Chelsea High grad Doug Lance's literary journal eFiction has made a splash online
The magazine has since, in two and a half short years, become a hot commodity in the Kindle marketplace, ranking, at its peak, among the top arts and entertainment magazines.
“eFiction has been successful because I am quicker to adapt than the big publishing companies and most of my competitors,” Lance, 22, said in an email. “I am a digital native, so I have technical skills that most other writing/publishing folks don't. I was on the Kindle Market before most everybody. (I used to be in the Top 10 bestselling Arts & Entertainment magazines; now we hover around 45-50, since US Weekly and other celebrity rags are on the Kindle now). And I continue to adapt more rapidly than others. We're coming out on Nook (Barnes & Noble promised me before the end of the summer). After that, my next mountain to conquer is to create eFiction for tablets, with multimedia content and social features that tie into the eFiction site.”
Lance was born to a single mother who lived in a mobile home park in Novi, and when he was 10, his mother died. Consequently, Lance moved around a lot, staying with different family members until it was time for him to attend WMU, where he studied creative writing and marketing.
Regarding the process of getting eFiction off the ground, Lance said, “I didn't really know what I was doing. I didn't even know that other fiction magazines existed. I thought I had invented the idea. I bought the domain (http://www.efictionmag.com) on January 1, 2010. The magazine started as a New Year’s resolution. I quickly learned that I had stumbled into a very competitive arena of thousands of fiction magazine. I knew how to build websites from a lifetime (albeit short) spent online. I put the pieces together for the first website model, put some professional-looking graphics up, and I was off to the races. From there, I've just been developing everything slowly, one step at a time.”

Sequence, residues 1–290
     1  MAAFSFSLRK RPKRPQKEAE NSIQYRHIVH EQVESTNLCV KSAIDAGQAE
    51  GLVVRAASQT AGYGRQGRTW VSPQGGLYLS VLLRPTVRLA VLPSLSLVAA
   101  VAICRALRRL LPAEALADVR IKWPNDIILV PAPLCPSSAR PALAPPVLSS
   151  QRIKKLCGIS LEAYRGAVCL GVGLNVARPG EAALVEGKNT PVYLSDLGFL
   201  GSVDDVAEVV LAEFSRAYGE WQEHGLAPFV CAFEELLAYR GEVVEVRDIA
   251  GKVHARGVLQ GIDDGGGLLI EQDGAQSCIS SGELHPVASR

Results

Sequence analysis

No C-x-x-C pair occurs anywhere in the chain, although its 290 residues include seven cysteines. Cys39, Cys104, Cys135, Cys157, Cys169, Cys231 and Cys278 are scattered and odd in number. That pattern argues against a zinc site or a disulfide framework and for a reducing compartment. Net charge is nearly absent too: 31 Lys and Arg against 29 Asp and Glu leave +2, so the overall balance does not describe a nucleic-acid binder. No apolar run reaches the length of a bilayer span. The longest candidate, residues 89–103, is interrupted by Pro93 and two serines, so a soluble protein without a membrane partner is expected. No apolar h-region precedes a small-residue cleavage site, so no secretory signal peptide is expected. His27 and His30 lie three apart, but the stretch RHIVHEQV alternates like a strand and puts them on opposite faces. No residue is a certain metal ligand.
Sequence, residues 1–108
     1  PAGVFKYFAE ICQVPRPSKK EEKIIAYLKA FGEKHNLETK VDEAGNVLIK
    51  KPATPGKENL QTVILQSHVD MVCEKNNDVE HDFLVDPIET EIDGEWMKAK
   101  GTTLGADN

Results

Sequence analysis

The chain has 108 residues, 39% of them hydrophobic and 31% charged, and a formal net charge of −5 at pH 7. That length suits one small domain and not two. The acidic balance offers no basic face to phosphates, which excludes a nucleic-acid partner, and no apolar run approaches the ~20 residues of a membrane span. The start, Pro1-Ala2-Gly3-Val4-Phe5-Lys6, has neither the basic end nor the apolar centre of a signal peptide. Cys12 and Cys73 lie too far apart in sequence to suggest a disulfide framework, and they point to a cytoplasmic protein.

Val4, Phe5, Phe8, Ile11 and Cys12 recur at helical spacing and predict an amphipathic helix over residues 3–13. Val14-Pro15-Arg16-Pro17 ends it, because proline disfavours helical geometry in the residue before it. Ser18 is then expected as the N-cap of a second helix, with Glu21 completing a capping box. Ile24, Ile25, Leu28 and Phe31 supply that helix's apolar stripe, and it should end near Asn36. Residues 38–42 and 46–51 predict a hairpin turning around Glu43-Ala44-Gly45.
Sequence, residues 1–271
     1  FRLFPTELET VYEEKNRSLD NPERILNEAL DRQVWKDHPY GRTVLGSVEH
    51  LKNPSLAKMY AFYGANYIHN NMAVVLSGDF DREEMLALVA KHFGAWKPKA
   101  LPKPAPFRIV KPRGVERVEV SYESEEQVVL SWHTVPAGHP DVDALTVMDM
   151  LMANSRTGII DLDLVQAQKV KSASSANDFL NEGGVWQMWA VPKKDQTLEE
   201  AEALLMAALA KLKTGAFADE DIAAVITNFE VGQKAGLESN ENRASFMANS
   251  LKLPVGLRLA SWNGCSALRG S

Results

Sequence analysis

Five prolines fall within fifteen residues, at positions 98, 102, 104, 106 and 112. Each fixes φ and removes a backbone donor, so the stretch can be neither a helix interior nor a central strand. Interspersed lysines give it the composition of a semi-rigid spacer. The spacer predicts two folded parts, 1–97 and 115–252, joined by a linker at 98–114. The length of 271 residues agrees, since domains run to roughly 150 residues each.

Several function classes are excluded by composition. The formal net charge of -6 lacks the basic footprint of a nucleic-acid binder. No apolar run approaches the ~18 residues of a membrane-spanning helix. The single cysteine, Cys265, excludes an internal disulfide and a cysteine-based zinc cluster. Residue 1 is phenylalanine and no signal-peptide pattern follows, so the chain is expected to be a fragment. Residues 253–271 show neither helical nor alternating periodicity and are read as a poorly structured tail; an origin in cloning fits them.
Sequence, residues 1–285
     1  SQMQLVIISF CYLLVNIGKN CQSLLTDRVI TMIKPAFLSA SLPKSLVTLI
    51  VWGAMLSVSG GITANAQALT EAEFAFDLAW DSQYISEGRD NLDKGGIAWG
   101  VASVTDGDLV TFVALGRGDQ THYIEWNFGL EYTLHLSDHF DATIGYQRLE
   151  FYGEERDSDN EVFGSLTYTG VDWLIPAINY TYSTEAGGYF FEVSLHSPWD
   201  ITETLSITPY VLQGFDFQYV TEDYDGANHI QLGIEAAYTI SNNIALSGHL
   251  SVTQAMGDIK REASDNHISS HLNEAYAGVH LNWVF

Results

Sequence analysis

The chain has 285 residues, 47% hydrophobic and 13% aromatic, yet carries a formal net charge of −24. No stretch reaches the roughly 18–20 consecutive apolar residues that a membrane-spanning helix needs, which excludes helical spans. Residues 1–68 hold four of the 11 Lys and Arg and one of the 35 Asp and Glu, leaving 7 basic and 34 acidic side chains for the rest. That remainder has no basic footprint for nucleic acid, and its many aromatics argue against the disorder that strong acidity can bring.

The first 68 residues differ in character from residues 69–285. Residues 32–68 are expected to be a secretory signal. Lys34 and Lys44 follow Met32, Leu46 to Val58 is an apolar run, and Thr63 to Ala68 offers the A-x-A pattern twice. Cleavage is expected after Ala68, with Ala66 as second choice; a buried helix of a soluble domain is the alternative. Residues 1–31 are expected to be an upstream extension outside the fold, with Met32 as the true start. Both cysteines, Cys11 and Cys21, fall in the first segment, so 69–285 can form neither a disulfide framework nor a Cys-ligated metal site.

Given the numerous literary magazines already out there, how did Lance gather submissions for eFiction’s inaugural issue?
eFiction began life as a general fiction magazine, but last year, Lance decided to experiment and offer genre-themed issues. Lance’s thinking was that if the magazine's content was more diverse, a more diversified subscriber base would follow; when this didn’t pan out, Lance decided instead to start planning the launch of at least five genre-specific e-magazines in romance, horror, noir, fantasy, and science fiction, while returning eFiction to its contemporary fiction roots.
But how does an issue of eFiction come together?
“There are many hundreds of people involved with the creation of the issues,” said Lance. “We do things in a sort of crowd sourced manner. So any one of our 750-plus members can apply to read submissions or help review content before it is published. Officially, we have 5 managing editors (one for each of our new magazines) on staff. We also have a volunteer copy editor who helps me with the content. The team will grow bigger as new magazines are released. I try to keep everything done in-house (i.e. done by myself) to keep costs low. The more money I can reinvest into the magazine, the bigger we'll grow.”
Lance - who’s in Chicago for the next few months, after spending the summer in Ann Arbor - believes that with the success of eFiction, he’ll never have to get a ‘real’ job again. “My greatest passion is travel,” he said. “And I aspire to grow eFiction large enough that I can travel full time while still working on it.”